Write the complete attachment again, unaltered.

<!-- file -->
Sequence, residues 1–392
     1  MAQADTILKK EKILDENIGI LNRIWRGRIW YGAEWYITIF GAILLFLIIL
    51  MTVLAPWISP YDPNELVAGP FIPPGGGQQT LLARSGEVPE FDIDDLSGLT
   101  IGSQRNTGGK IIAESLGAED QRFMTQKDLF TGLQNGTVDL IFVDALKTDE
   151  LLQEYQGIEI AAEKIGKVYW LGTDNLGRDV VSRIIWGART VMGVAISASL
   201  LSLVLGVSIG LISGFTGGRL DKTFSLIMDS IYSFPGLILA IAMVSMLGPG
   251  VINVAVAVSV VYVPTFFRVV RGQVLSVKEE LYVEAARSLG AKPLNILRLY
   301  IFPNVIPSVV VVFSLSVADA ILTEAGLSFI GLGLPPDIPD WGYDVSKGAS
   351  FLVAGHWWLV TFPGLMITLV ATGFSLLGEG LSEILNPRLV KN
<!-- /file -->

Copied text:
Sequence, residues 1–392
     1  MAQADTILKK EKILDENIGI LNRIWRGRIW YGAEWYITIF GAILLFLIIL
    51  MTVLAPWISP YDPNELVAGP FIPPGGGQQT LLARSGEVPE FDIDDLSGLT
   101  IGSQRNTGGK IIAESLGAED QRFMTQKDLF TGLQNGTVDL IFVDALKTDE
   151  LLQEYQGIEI AAEKIGKVYW LGTDNLGRDV VSRIIWGART VMGVAISASL
   201  LSLVLGVSIG LISGFTGGRL DKTFSLIMDS IYSFPGLILA IAMVSMLGPG
   251  VINVAVAVSV VYVPTFFRVV RGQVLSVKEE LYVEAARSLG AKPLNILRLY
   301  IFPNVIPSVV VVFSLSVADA ILTEAGLSFI GLGLPPDIPD WGYDVSKGAS
   351  FLVAGHWWLV TFPGLMITLV ATGFSLLGEG LSEILNPRLV KN